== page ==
Recent Advances in Evolutionary Multi-Objective Optimization
Professor & Koenig Endowed Chair, Electrical and Computer Engineering BEACON Center for the Study of Evolution in Action, An NSF Science & Technology Center.Research interests: Non-linear Optimization, Many and Multi-objective Optimization, Metamodeling, Constraint Handling, Engineering Design, Evolutionary Algorithms and Metaheuristics, Innovization, Neural Networks, Data-mining and Machine learning. If you want to obtain more information about him,please go to his homepage http://www.egr.msu.edu/~kdeb/.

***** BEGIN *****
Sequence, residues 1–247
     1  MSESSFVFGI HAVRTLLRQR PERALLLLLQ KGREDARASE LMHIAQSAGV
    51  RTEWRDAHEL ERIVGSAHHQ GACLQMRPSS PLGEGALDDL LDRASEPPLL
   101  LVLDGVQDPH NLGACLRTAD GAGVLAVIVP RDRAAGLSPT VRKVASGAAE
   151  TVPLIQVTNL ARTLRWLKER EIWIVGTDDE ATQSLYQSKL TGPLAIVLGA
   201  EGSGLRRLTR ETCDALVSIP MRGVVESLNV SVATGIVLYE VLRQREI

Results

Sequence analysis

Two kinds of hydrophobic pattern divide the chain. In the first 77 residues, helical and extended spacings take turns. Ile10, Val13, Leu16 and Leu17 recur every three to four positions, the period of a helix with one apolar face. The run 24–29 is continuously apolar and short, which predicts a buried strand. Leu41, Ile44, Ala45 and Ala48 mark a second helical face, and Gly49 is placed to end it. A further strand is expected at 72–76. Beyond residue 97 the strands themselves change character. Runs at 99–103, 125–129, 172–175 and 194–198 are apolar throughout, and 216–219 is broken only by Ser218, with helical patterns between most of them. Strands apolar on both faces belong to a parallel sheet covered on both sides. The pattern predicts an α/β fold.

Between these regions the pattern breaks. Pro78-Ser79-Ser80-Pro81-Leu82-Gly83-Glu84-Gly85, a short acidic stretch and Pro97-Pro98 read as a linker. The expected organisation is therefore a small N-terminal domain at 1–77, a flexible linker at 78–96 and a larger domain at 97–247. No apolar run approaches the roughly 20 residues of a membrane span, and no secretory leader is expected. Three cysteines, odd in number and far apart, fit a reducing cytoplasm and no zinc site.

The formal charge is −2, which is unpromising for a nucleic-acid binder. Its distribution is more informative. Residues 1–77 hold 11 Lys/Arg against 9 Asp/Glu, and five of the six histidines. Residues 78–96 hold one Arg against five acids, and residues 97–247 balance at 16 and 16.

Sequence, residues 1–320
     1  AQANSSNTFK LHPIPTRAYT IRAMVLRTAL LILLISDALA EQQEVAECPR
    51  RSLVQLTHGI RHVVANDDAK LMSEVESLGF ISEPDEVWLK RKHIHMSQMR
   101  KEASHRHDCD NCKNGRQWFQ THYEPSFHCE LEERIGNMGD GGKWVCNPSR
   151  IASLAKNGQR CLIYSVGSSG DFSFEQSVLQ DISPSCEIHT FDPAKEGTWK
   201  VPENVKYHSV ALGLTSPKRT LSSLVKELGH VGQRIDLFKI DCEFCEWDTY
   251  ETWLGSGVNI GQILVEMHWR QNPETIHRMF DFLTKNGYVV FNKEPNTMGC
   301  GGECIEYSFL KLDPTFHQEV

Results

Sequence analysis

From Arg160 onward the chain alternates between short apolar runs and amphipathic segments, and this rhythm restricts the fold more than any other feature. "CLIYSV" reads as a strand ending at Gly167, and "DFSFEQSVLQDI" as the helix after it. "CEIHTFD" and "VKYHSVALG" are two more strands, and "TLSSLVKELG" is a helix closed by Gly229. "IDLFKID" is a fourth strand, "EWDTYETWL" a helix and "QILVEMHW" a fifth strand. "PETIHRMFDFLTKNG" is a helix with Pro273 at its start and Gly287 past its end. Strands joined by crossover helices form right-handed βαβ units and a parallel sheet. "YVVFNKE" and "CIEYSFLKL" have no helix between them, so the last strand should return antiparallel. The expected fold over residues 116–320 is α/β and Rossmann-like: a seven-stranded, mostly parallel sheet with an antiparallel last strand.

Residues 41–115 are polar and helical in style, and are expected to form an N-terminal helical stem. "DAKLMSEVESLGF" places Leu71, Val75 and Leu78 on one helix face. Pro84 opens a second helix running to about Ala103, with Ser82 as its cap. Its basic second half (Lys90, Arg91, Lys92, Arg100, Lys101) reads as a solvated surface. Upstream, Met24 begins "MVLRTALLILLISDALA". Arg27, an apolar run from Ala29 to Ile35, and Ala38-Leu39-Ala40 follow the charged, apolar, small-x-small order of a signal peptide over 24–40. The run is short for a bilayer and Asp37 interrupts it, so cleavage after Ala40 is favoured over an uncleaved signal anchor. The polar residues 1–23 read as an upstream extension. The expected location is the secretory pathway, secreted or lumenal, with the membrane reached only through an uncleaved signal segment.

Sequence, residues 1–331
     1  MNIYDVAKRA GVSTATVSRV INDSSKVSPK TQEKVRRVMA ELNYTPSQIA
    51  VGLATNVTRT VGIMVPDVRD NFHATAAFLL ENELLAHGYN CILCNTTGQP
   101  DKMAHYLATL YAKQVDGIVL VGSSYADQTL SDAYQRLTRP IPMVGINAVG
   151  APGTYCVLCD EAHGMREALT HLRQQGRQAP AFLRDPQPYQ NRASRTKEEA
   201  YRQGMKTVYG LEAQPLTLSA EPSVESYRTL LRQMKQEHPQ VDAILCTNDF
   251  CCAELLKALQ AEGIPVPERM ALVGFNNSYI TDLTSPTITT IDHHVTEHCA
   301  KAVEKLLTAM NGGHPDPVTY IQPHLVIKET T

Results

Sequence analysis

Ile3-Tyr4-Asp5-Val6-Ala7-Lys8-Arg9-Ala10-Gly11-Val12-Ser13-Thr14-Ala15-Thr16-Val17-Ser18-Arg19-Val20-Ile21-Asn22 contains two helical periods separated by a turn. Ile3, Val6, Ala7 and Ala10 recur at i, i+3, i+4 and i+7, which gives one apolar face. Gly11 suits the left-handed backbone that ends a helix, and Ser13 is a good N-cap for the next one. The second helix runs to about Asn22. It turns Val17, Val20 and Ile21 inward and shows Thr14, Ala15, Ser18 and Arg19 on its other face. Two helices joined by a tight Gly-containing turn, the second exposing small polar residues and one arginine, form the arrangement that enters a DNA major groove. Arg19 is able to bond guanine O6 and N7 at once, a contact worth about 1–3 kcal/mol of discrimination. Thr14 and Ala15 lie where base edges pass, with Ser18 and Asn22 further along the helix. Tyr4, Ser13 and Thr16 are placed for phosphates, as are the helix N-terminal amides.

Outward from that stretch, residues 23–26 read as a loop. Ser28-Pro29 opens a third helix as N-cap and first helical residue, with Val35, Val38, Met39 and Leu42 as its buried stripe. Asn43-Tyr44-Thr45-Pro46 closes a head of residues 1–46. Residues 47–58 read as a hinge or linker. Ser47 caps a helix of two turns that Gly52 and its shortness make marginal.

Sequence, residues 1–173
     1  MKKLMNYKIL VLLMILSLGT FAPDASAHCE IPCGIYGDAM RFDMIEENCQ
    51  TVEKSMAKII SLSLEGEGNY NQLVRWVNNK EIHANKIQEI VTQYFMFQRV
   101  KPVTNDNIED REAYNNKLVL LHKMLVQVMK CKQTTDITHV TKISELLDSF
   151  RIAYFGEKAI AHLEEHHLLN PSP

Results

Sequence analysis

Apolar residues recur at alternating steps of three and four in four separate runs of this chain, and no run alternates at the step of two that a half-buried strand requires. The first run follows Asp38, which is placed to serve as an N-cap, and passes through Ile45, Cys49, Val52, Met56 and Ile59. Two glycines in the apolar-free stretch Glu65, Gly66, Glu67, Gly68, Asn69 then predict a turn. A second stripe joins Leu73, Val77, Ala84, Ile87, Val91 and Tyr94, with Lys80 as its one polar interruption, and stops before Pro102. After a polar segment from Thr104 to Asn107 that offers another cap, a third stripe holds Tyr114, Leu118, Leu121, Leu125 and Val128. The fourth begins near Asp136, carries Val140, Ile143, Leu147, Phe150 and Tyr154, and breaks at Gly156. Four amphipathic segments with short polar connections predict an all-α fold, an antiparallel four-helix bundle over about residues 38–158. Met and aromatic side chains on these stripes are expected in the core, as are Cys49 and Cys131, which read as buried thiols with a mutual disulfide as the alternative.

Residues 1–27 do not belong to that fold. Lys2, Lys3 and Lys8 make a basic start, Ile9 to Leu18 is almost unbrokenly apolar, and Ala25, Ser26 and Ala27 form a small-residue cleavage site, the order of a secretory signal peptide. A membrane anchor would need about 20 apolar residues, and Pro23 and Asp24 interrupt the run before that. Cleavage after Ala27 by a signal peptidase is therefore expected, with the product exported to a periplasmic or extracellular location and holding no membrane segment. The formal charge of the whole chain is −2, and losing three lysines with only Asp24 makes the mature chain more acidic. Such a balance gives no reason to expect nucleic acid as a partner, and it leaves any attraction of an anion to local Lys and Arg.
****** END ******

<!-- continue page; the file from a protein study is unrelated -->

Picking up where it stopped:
Abstract: Many problems in practice are ideally posed as a multi-objective optimization problem, due to simultaneous inclusion of multiple conflicting criteria in defining a problem. Despite the traditional emphasis on scalarization methods of combining multiple objectives into a single aggregate one, it is a difficult to task to combine two or more criteria, such as fabrication cost and environment damage, into a single function in an ordinal manner. Started in early nineties, evolutionary multi-objective optimization (EMO) methods utilized multiple objectives as a vector and demonstrated to solve many two and three-objective problems with a two-step strategy: (i) first find a set of trade-off efficient solutions, and (ii) then involve a decision-maker to choose a single preferred solution. This philosophy has revolutionized the act of multi-objective optimization since then and resulted in the development of a computing field involving theoretical computer scientists, computational science, and engineering. The speaker has been involved in the growth of the EMO field right from the beginning. In this IEEE Distinguished Lecture, the speaker will discuss the development of EMO field and also highlight some recent advances, so the lecture is useful to both new-comers and EMO researchers alike.